Up In Arms

Pull up an armchair -you might be up in arms over this roundup of arm stories from mental_floss magazine!


One afternoon in 1972, friends Jack Northrup and Jack Bishop were having lunch at their local drugstore in Olney, Texas, when they realized the strangers next to them were eavesdropping. The pair, both amputees, had a reputation for mischief. Rather than get upset, the "One-armed Jacks" decided to have some fun.

Northrup and Bishop began talking loudly about their hunting adventures with pump-action shotguns and bolt-action rifles -firearms that would be nearly impossible to operate without two arms. They cracked each other up with the stunt, but they also decided, heck, why not turn the joke into reality? That year, they sponsored the first ever One-Arm Dove Hunt, which drew six amputees to the field.

The Jacks have sponsored an annual shoot ever since, and the One-Arm Dove Hunt now brings in close to 100amputees each year. Participants shoot skeet, golf, play pool, and, of course, hunt doves (although they usually miss). The two Jacks also spice up the proceedings with their unique brand of humor. During the cow chip-throwing competition, they sit on toilets and act as targets. For breakfast, they charge diners "10 cents a finger." They may be missing arms, but their funny bones are still intact.


In 2001, Dean Kamen invented the Segway, forever changing the way people get around while standing on two wheels. More recently, though, he's partnered with the U.S. Department of Defense to expand the range of human motion once more. His new invention is a high-tech prosthetic arm with fingers, which has been nicknamed "the Luke arm," in honor of Luke Skywalker's cybernetic hand in the original Star Wars trilogy. Unlike most prosthetic limbs, which are built around a series of hooks, the lightweight Luke arm actually works like a human arm, converting nerve impulses into motion. Amazingly, test subjects have been able to use it to drink from wine glasses, pick up raisins, and peel bananas -tasks that require enormous dexterity. The Force is strong with this one.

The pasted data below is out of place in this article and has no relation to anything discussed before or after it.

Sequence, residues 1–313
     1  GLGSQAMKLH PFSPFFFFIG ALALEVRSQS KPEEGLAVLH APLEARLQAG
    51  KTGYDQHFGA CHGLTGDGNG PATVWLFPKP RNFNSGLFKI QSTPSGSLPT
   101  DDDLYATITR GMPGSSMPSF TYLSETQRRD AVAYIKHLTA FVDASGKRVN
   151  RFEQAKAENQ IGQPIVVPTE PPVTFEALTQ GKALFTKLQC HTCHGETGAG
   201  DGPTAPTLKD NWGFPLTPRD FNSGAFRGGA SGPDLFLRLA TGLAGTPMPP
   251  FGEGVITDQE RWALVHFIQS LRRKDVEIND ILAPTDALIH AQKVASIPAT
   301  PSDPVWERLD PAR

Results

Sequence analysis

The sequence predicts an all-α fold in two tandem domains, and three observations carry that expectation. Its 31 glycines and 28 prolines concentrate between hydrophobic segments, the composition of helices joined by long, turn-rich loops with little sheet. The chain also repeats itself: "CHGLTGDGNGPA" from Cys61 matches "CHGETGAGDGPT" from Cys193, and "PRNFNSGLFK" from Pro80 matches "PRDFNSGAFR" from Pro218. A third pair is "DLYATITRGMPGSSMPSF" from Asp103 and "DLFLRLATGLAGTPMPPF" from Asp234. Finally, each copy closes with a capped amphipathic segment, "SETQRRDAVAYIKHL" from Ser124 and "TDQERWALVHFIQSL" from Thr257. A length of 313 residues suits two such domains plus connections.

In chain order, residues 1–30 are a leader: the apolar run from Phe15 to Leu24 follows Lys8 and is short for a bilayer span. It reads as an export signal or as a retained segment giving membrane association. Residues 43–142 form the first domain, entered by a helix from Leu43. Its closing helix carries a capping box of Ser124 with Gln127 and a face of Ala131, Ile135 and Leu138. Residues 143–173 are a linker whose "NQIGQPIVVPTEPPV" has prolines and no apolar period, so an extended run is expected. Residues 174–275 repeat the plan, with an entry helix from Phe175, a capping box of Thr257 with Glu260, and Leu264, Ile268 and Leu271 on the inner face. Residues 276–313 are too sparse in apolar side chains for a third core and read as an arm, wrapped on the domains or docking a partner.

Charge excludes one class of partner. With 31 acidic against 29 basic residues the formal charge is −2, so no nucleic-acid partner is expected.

When Scribners published Ernest Hemingway's novel A Farewell to Arms in 1929, the publishing house eliminated all potentially offensive words, replacing them with a series of dashes. Hemingway was peeved that he couldn't use even mild obscenities such as "balls" in a novel about war and sex, but he went along with the censorship to get the book published.

After the novel came out, however, the writer got his mitts on a few copies and reinserted the vulgarities by hand. At least two of the corrected texts survive today. Hemingway gave one copy to French literary translator Maurice Coindreau; the other copy he gave to James Joyce. Want to know what curse words go where? Joyce's copy is held at SUNY-Buffalo's library in upstate New York.


Back in 2006, two dolphins at an aquarium in Fushun, China, became gravely ill after ingesting some plastic from the liner of their tank. When traditional techniques of extracting the the material failed, the vets called in an unlikely hero: Mongolian herdsman Bao Xishun. At 7'9", Bao isn't just one of the tallest men in the world, he also has incredibly long arms. Using his spindly limbs, Bao reached into the sick mammal's tummies and pulled out the plastic. Let's see Stretch Armstrong top that!


The article by Ethan Trex is reprinted from Scatterbrained section of the January-February 2011 issue of mental_floss magazine. Subscribe today to get it delivered to you!

Be sure to visit mental_floss' website and blog for more fun stuff!

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